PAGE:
I Am The Living Bread
Ordinary 19 Year B
A Hebrew Catholic Perspective
St. John 6: 35, 41 — 51
In our previous text, Jesus finally came out with an awesome truth he had been longing to share with his listeners:
Jesus said to them, “I am the bread of life; whoever comes
to me will never hunger, and whoever believes in me will
The people had taken his previous instruction to mean that our Lord possesses the “bread of life” and that He has the power to supply them with it whenever they want it. Jesus then had to work at correcting both of these misconceptions. He therefore made this bold statement and then followed it up with further “explanatory notes”. These explanatory comments in verses 36 to 40 contain some beautiful lines all of which focus on coming to Jesus for life ― true LIFE. They form a reading used on another occasion in the Liturgy, but it would be helpful to take a moment to read them. We now move to our present text, verses 41 ― 51.
Some Reflections On the Text
Verses 41 and 42
The Jews murmured about him because he said, “I am the
bread that came down from heaven,”
and they said, “Is this not Jesus, the son of Joseph? Do we
not know his father and mother? Then how can he say,
‘I have come down from heaven’?”
We can see that when the scholars among our Lord’s listeners heard Him speak they began to grumble. St. John uses the Greek word from the Greek Septuagint Old Testament which recorded the grumbling of the Israelites during the Exodus (Ex 16: 2, 7, 8). The word denotes more of complaint than of open hostility. (Newman and Nida)
Nevertheless, the comments made by the authorities among the crowd are unsettling to ordinary people. We need to remember St. John’s various different uses of the term, “the Jews”. See the article, “The Jews” In the Gospel of John by R. G. Bratcher.
It is tempting to be quite sympathetic when we read their assessment of the situation:
“Is this not Jesus, the son of Joseph? Do we not know his
father and mother? Then how can He say,
‘I have come down from heaven’?”
Their remarks suggest they understood He was claiming to be more than a prophet-come-teacher sent from God. But that stops far short of what they need to understand, and our Lord is determined to give His listeners every opportunity to behold the awesome truth He wishes to share.
Verses 43 — 44
Our Lord responded very quickly and powerfully with:
Jesus answered and said to them, “Stop murmuring
No one can come to me unless the Father who sent me draw him, and I will raise him on the last day.
In other words: “If you would only listen to what I say without projecting your personal prejudices at me, you would have heard what I was sharing with you, and you certainly wouldn’t be complaining about it”.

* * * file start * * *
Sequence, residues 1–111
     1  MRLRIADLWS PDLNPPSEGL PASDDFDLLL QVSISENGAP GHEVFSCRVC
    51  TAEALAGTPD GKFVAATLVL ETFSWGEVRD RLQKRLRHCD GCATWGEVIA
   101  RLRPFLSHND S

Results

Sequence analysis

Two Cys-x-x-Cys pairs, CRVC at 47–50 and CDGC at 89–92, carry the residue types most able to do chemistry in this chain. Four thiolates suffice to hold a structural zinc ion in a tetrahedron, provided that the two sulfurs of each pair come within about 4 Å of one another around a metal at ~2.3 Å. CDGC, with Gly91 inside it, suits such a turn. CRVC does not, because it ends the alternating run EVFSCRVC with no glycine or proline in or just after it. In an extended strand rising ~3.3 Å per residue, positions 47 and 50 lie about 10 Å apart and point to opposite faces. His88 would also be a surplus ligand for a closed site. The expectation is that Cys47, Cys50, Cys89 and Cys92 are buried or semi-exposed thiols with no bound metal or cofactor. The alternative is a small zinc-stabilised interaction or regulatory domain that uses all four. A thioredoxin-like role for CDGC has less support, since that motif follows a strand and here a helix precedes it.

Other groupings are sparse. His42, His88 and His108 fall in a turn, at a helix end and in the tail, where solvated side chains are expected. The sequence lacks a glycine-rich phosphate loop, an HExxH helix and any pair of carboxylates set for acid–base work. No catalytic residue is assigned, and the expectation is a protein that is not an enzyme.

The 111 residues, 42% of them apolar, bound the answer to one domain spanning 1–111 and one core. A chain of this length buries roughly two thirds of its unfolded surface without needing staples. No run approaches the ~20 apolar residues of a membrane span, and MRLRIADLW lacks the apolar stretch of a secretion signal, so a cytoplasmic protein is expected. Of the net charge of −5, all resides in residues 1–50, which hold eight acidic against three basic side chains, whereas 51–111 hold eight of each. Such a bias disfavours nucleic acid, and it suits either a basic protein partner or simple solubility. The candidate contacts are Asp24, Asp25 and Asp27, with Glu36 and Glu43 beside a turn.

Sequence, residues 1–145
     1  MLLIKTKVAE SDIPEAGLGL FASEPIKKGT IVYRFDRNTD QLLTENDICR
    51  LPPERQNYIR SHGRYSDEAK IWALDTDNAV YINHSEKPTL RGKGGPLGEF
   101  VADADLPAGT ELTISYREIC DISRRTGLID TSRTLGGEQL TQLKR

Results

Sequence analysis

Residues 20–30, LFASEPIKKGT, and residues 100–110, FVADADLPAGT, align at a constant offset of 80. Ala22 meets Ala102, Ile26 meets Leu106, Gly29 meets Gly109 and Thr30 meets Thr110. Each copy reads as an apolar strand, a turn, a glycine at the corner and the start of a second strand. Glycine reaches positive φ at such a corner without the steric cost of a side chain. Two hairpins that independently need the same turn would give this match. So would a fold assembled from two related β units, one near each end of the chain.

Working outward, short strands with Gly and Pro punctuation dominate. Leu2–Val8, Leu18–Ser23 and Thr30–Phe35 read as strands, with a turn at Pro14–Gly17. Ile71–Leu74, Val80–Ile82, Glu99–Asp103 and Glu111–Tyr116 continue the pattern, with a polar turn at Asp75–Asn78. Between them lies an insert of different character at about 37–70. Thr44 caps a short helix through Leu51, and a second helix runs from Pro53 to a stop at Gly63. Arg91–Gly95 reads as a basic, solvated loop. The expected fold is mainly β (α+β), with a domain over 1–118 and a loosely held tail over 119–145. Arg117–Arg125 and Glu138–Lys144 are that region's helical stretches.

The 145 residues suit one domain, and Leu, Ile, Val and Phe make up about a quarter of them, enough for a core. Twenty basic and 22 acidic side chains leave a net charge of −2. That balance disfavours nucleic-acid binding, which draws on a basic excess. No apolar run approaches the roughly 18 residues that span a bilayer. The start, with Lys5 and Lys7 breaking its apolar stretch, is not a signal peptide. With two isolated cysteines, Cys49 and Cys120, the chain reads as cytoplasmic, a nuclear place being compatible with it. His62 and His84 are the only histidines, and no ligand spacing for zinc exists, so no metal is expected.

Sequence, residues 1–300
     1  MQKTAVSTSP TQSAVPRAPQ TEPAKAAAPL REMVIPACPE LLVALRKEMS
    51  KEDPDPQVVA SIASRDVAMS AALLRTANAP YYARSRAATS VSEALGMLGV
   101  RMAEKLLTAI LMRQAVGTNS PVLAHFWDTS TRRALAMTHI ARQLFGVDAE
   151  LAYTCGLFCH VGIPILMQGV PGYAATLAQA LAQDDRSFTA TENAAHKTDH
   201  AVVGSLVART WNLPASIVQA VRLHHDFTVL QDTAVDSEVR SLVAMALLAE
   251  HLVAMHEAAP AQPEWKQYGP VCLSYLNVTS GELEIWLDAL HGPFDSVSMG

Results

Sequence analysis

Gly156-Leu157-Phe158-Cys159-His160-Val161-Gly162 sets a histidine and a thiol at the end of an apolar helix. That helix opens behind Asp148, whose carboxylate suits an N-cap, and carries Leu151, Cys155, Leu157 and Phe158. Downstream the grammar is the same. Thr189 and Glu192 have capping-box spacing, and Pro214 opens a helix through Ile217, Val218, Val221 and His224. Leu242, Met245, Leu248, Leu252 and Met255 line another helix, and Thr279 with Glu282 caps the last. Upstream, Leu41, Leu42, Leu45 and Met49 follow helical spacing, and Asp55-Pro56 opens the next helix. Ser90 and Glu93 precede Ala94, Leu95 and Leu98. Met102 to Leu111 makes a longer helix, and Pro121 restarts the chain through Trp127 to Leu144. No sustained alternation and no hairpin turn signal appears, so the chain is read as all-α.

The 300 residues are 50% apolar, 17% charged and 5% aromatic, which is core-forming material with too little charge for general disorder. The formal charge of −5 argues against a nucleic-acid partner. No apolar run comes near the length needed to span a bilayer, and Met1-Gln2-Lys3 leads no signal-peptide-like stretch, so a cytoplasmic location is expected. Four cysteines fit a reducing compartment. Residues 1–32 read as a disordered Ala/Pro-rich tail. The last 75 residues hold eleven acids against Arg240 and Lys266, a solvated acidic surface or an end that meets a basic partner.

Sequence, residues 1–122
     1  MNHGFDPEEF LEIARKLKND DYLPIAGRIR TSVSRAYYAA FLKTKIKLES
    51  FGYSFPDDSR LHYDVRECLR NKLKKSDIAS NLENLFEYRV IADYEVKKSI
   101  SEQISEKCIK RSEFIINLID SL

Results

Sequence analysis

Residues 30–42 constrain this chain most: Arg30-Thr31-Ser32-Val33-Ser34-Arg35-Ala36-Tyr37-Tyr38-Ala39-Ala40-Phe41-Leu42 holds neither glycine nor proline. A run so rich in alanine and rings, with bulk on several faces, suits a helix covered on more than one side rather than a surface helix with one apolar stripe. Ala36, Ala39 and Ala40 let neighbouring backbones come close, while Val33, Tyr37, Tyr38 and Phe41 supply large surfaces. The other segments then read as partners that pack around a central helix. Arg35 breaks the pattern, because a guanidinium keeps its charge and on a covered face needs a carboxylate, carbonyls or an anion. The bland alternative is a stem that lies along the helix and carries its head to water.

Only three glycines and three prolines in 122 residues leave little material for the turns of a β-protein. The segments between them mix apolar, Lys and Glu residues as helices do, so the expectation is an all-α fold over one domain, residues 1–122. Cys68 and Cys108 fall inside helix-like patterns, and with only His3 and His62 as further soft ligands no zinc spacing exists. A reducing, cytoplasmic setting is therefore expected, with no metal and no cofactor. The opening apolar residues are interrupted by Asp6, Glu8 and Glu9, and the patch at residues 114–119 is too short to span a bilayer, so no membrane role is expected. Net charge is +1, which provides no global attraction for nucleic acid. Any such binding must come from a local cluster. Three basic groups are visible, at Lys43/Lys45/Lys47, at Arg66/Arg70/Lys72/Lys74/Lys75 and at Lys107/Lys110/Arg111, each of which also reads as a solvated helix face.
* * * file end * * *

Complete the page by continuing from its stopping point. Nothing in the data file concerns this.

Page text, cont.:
Jesus followed this immediately with a core teaching. If the authorities in front of him had been prepared to let him “unpack” this, it would have helped them realise He was offering them yet another key by which to enter into a whole new sphere of spiritual understanding. They were always on the defensive but Jesus was not betraying any God given Biblical teaching: He was trying to help them see it was all coming to fulfilment before their eyes. Our Lord therefore said, “No one can come to me unless the Father who sent me draws him, and I will raise him up on the last day”.
This really is a pivotal verse. Our Lord did not try to resolve their doubts about his true origin by argument. Rather, he started affirming the ancient Biblical belief that if anyone is drawn to God, it happens because God always makes the first move! Jesus demonstrated that he had a sympathetic understanding for those who genuinely could not perceive what He was saying, but He was blunt towards those who were determined to resist Him at all costs. His message for them was in effect:
“You will never understand unless you listen from the heart,
and you won’t be able to do that unless you believe that I was
sent by God to teach you. And you will not believe that until
you respond to my Father Who is drawing you to me.”
Jesus used the idea of being drawn to Him to resemble the expression “to bring someone near the Law, the Holy Torah, the Books of Moses”, an expression the rabbis used to describe conversion to Judaism. Thus Jesus emphasises the truth that to draw near to Him was in fact to encounter God in the very centre and heart of their Faith. In this way He identified Himself with the Divine Word given by God in the Torah, the ancient Scriptures. And He went further, offering Himself as both Word and Bread, that is, Living Bread. This understanding of the relationship between Torah ― Words of God, and Jesus Messiah ― Word of God is one of the most crucial in all of Sacred Scripture.